Some like it.
Others abhor change.
Change keeps me growing, morphing, even mending more daily.
Moving back to Detroit after decades away in Macomb County, Michigan, finds me loving the move and transition home again.
The nine of us lived at 7107 Arcola Street on Detroit's east side until the '1968 riot and a robbery pressed my mother to convince my dad and the rest of us to be safe and secure and leave.
After assignments as a pastor in Detroit Saint Raymond, St. Gerard, and St. Christine in Brightmoor, I moved to Sterling Heights after the bishop wanted me to do counseling.
"You're good at it," his aide said, unappreciative of the fact that I had no license, insurance or credentials to function without lawsuit, and more.
Ever since this "cryptic" assignment, I find myself not trusting those who requested this change of assignment. In fact, the current boss decided that the counseling is a non-ministerial assignment, go figure.
With little experience, if any as a pastor, the present bishop changed my assignment for a so-called, Special Assignment with dog tags IDs and all, without even letting me know.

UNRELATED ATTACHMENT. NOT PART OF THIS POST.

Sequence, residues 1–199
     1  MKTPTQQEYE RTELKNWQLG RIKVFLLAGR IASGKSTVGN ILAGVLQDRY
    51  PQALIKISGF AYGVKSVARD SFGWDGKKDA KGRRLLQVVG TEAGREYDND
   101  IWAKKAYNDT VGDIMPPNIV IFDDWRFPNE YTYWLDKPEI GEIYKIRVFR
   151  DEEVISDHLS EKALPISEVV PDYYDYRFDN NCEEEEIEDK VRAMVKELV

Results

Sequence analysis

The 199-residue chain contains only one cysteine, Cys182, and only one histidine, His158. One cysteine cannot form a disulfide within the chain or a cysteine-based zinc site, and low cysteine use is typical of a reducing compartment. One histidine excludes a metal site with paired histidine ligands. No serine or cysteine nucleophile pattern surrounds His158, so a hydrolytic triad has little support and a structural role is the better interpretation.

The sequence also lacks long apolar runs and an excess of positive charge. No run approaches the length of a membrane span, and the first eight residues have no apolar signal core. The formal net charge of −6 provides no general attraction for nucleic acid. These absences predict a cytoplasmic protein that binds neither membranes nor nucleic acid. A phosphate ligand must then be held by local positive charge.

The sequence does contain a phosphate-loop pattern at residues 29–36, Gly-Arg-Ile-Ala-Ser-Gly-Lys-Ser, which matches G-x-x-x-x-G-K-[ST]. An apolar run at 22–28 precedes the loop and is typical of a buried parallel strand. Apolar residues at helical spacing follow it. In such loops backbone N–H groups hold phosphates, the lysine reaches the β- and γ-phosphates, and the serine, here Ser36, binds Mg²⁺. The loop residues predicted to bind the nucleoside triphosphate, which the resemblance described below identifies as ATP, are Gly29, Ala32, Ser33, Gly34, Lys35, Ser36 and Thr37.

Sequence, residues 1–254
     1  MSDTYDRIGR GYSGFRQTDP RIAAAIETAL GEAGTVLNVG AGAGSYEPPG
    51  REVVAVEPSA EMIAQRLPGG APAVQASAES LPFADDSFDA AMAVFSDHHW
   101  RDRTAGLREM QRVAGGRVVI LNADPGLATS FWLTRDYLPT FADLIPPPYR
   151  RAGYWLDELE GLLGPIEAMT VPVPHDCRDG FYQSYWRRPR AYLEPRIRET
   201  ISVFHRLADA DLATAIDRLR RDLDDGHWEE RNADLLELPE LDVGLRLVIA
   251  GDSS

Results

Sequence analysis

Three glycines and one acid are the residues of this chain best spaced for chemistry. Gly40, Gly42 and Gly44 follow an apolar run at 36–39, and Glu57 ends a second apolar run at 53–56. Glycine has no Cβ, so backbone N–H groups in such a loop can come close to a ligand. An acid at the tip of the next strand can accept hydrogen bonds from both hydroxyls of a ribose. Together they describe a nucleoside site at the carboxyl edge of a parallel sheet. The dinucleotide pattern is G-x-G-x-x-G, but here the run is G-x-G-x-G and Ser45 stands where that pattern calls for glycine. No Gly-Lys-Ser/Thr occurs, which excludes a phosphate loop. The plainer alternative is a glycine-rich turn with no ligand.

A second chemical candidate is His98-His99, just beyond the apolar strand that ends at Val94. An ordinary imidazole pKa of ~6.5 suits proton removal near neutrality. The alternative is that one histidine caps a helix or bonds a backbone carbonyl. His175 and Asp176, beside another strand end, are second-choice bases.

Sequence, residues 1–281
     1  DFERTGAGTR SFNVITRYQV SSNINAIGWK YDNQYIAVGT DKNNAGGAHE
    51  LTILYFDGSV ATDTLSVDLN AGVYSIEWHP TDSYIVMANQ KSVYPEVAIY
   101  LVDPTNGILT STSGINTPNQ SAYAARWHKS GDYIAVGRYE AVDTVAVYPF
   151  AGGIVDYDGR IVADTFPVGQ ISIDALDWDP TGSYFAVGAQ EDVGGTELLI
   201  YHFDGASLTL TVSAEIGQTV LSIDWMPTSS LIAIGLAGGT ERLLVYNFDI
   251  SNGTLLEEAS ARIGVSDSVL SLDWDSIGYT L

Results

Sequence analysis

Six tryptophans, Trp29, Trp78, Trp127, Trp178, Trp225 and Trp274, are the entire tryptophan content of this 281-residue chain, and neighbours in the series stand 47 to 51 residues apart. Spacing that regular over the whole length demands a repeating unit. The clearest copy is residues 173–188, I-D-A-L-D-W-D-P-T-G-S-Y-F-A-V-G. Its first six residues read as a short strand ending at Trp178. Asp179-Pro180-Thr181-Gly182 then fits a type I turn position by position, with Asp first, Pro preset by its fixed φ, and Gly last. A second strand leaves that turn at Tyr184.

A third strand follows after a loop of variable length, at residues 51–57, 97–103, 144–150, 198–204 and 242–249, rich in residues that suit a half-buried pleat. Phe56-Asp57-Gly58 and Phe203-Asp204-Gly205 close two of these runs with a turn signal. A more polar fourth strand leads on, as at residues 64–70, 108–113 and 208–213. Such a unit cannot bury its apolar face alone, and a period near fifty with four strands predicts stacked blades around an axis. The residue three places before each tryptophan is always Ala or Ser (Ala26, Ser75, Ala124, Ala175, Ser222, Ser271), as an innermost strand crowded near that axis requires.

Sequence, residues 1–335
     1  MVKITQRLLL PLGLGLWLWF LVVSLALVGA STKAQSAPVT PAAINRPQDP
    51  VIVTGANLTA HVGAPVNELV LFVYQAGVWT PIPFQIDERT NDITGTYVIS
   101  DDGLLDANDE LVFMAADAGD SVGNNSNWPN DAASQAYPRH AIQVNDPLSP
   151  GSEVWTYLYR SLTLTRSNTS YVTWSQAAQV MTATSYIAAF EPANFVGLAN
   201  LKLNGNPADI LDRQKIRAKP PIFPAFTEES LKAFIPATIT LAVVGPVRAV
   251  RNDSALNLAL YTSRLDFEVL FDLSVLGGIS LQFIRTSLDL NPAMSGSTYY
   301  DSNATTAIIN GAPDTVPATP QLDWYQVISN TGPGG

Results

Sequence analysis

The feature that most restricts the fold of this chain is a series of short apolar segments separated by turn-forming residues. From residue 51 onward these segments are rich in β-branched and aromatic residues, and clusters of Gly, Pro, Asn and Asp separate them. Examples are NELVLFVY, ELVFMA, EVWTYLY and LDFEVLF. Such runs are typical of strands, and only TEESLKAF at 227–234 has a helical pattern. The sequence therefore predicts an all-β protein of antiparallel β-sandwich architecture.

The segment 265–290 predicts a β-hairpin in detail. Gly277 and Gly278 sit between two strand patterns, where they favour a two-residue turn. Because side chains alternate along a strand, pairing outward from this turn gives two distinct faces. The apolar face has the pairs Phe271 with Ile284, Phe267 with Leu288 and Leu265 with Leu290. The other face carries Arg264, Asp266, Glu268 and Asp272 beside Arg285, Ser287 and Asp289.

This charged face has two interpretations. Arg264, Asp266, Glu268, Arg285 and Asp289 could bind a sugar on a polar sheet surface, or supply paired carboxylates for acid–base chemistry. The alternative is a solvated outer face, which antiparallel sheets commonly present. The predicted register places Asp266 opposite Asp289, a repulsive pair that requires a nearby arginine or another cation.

That change I can do without.
One goes with the flow even though some authorities have their own agendas.
But the move back to the City of Detroit is a welcome transition.
People are engaging and friendly in the Harbor Town market, and more.
They stop and listen as I engage St. Paul's Street Evangelization along Jefferson/McDougall Streets where I reside in River Place that overlooks Detroit jewel, Belle Isle Park, and the Ren Cen GM Building, among other historic buildings, churches, and nearby parks I walk daily with my dog, Katura, along the Detroit River.
Change is good.
I've downsized again and freed up massive amounts of books, and more.
A feeling of liberation buoys my attitude of letting go any attachments to things, property and more.
Bring on my Motown.
I'm glad to be home again in a booming city filling with restoration, renewal and vitality once more.